“The time is always right to do what is right.”
“The arc of the moral universe is long, but it bends towards justice.”
“Injustice anywhere is a threat to justice everywhere”
These quotes from the Rev. Dr. Martin Luther King have two things in common. One, they are inspiring examples of his important work and his skills as an orator. Two, they are so universal that they have been used by right-wing politicians to bolster actions and philosophies completely antithetical to Dr. King’s beliefs and work.
Before this important holiday gets washed away in the attempted gaslighting of portraying Dr. King as somehow the vanilla yogurt of the civil rights movement, let’s stop for a moment to consider reality. Dr. King was viewed as a threat to the White supremacy-based social and economic power structure. And he knew that and kept challenging injustice. He knew his life was in danger and even knowing and being braced for that he STILL was murdered before he even turned 40. Think about that for a moment.
Now try for a moment to process or explain how one can know this and yet present Dr. King as some kind of bastion of neutrality, as the “safe” alternative to Malcolm X. To co-opt his nonviolent yet firm message of equality and reformation of injustice and reinterpret it as a bland and amorphous desire not to hurt anybody’s feelings. To come from a position of overt determination to maintain White supremacist structures and yet quote Dr. King out of context, trying to gaslight us all by suggesting that Dr. King would frown upon those who continue to denounce racism because . . . I don’t know, I guess because it hurts the poor widdle White supremacists’ feelings? Even writing this paragraph is so difficult because the combination of cognitive dissonance and anger renders me barely able to formulate sentences (and you know how much I love sentences).
In this moment, this powder keg of division over the basic moral imperative of our country, let’s be clear: Dr. King was not neutral. He was not nice if your definition of nice is an inert type of pleasantness. He was not passive. He was radical and his stance was as unyielding as it was disruptive. As much as we may perceive him and his legacy to be “accepted” now (since, after all, there’s no “Stokely Carmichael Day” or whatever), we must remember he was not accepted at the time. He was hunted by White supremacists, and even those who identified as liberal in many cases urged him to be patient and hush up and not be so disruptive to the status quo. He fought and fought and fought for basic rights and even after he was assassinated, it took years and years of advocacy to commemorate him with a holiday.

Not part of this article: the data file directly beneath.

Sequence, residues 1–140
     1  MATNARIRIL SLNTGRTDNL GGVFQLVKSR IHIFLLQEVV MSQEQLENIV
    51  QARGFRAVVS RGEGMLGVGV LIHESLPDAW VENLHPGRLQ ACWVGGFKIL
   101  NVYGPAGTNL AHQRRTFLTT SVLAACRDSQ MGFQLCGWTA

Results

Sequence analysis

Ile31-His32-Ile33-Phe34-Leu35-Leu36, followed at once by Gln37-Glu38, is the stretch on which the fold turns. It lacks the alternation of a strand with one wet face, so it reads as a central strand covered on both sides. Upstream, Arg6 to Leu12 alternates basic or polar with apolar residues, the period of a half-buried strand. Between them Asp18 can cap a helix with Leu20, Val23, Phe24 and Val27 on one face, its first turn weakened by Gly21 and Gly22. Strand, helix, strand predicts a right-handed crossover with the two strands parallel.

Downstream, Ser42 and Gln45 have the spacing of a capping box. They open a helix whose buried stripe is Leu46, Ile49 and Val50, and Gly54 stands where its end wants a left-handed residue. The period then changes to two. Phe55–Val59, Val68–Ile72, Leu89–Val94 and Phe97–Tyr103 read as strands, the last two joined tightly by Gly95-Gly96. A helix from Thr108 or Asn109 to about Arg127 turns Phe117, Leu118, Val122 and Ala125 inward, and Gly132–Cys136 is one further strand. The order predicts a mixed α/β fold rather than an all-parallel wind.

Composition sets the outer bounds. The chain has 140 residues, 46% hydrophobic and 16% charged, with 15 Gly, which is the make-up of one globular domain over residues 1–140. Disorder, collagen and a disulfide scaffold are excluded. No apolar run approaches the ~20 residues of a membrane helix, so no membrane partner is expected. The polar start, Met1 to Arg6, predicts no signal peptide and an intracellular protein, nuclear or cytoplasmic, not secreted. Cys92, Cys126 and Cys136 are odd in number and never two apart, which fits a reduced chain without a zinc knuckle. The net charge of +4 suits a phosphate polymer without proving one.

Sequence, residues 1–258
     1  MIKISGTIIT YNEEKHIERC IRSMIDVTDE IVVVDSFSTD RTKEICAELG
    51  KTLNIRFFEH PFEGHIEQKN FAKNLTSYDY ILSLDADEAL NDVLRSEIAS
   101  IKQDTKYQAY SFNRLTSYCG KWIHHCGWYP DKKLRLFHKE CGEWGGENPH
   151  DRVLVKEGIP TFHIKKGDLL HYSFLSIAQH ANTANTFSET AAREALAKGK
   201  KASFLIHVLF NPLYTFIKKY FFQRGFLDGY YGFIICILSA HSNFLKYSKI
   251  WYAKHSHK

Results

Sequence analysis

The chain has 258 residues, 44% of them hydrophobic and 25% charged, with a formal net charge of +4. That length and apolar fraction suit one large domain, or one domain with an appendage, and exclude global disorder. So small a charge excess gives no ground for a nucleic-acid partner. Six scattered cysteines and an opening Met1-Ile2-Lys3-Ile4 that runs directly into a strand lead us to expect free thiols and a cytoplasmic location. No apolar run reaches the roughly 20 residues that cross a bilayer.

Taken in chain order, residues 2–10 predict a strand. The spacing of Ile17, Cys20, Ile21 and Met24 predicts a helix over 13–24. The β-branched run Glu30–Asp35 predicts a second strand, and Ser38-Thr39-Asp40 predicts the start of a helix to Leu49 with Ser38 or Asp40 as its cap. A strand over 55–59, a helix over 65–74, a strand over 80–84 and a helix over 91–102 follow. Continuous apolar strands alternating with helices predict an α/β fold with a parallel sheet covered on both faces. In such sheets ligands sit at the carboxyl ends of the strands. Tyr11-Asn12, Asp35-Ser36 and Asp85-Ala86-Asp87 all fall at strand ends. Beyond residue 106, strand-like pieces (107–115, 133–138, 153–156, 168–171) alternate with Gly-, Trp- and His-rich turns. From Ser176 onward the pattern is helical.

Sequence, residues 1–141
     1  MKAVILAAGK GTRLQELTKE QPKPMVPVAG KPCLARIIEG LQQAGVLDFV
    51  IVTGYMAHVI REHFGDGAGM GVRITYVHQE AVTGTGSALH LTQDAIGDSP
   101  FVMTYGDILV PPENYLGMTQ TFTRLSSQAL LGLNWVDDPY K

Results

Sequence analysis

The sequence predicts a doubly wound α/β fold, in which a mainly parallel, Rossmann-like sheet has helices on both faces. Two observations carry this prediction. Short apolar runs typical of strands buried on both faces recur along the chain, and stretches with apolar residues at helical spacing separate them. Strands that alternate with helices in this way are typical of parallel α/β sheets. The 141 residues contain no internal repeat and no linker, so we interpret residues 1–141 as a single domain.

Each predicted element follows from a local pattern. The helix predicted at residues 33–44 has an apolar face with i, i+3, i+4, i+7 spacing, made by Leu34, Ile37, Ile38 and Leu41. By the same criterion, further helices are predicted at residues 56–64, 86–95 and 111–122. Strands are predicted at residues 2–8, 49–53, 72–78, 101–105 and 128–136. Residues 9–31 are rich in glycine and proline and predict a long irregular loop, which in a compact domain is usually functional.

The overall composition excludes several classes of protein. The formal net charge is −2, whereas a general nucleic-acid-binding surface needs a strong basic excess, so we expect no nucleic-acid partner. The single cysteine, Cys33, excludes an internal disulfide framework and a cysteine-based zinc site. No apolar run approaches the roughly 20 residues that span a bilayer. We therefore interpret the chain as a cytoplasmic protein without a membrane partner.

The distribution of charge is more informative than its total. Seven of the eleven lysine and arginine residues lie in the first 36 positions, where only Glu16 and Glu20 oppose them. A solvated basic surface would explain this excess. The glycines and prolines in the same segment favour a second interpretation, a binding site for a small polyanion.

You can either denounce him and everything he stood for (which, by the way, I do not recommend) or you can embrace him as an important figure and commit to bringing his dream to fruition. One of the boilerplate taunts of “liberals” is that they believe in “participation trophies.” Well, guess what, there is no participation trophy for remaining neutral here. Even if there’s no confederate flag on your vehicle and no hood or noose in your trunk, that doesn’t let you off the hook. To paraphrase Dr. Ibram X. Kendi, “non-racist” isn’t a thing. Will you take a stand and choose to be anti-racist?
When I teach about music of the civil rights movement there are a lot of adapted spirituals (potent both for their beauty and for their multi-layered yearning for the promised land) as well as original songs created in direct response to the conditions. The song that’s been in my head for the last last week and a half, though, is “Which Side Are You On?”
It’s a mining union song from several decades prior that in its original form pushed potential picket-crossing “scabs” to maintain their solidarity. I’ve never participated in a labor strike but it seems pretty clear that in such a situation, one’s desire to maintain neutrality and at least appease (if not please) everyone simply can’t be accommodated. Just as there’s no quasi-Switzerland in the world of striking laborers, so it went as civil rights activists fought against passivity and complacency and the Freedom Singers changed “lousy scab” to “Uncle Tom” and demanded we take sides.
So which side AM I on? I am on the side of denouncing White supremacy, of demanding that ordinary folk and leaders alike affirm that Black Lives Matter, of learning to be a better co-conspirator in the fight for racial justice, of not inviting the shame of someday having to explain my apathy to my grandchildren or to St. Peter (or whoever it is who serves as gatekeeper for any promised land morally upstanding and inclusive enough to be worth setting celestial foot in). There are too many reasons to list for choosing this side. Ultimately, though, no further explanation is needed than that it is clearly the only defensible stance to take. Dr. King’s contributions to humanity are vast, and yet one could whittle them down to being brave, clear, and persistent enough to speak truth about the moral depravity of racism and demand change. Others were silenced in their attempts to do the same, and eventually he was too. Beyond the seeming politeness of his smiling likeness or the benign positivity of getting a Monday off from work in January, we have to acknowledge the risks he took in taking a side and it is incumbent on us to carry on in this struggle. Especially those of us who have the privilege of making a choice by virtue of the comparative safety our White skin affords us, the most basic morality compels us to accept that we must make a choice and not to shrink away from that.